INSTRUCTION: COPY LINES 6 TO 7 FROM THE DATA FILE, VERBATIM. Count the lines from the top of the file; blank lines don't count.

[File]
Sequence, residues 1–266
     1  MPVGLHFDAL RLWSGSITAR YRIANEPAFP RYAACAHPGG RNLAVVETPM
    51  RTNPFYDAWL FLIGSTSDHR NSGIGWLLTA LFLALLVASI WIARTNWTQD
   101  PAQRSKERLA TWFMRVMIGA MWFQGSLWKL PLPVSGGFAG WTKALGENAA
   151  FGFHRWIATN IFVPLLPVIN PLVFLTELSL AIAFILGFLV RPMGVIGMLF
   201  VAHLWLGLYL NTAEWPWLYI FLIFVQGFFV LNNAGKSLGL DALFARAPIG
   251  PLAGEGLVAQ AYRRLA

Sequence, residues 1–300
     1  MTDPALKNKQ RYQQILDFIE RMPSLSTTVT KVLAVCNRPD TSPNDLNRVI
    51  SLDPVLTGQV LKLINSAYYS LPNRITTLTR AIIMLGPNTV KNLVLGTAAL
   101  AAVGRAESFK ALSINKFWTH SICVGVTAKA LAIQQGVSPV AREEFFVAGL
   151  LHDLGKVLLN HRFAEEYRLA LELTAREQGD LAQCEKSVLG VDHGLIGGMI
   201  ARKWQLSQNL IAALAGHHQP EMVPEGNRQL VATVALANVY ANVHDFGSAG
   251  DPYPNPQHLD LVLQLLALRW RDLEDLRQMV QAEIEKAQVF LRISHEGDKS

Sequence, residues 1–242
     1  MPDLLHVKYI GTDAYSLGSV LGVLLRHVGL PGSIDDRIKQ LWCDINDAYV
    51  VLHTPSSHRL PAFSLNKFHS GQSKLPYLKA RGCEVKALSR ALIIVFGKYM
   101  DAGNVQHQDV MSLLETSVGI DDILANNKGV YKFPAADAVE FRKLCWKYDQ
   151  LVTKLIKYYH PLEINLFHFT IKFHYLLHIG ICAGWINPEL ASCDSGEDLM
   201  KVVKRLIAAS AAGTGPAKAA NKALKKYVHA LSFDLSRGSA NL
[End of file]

   201  VAHLWLGLYL NTAEWPWLYI FLIFVQGFFV LNNAGKSLGL DALFARAPIG
   251  PLAGEGLVAQ AYRRLA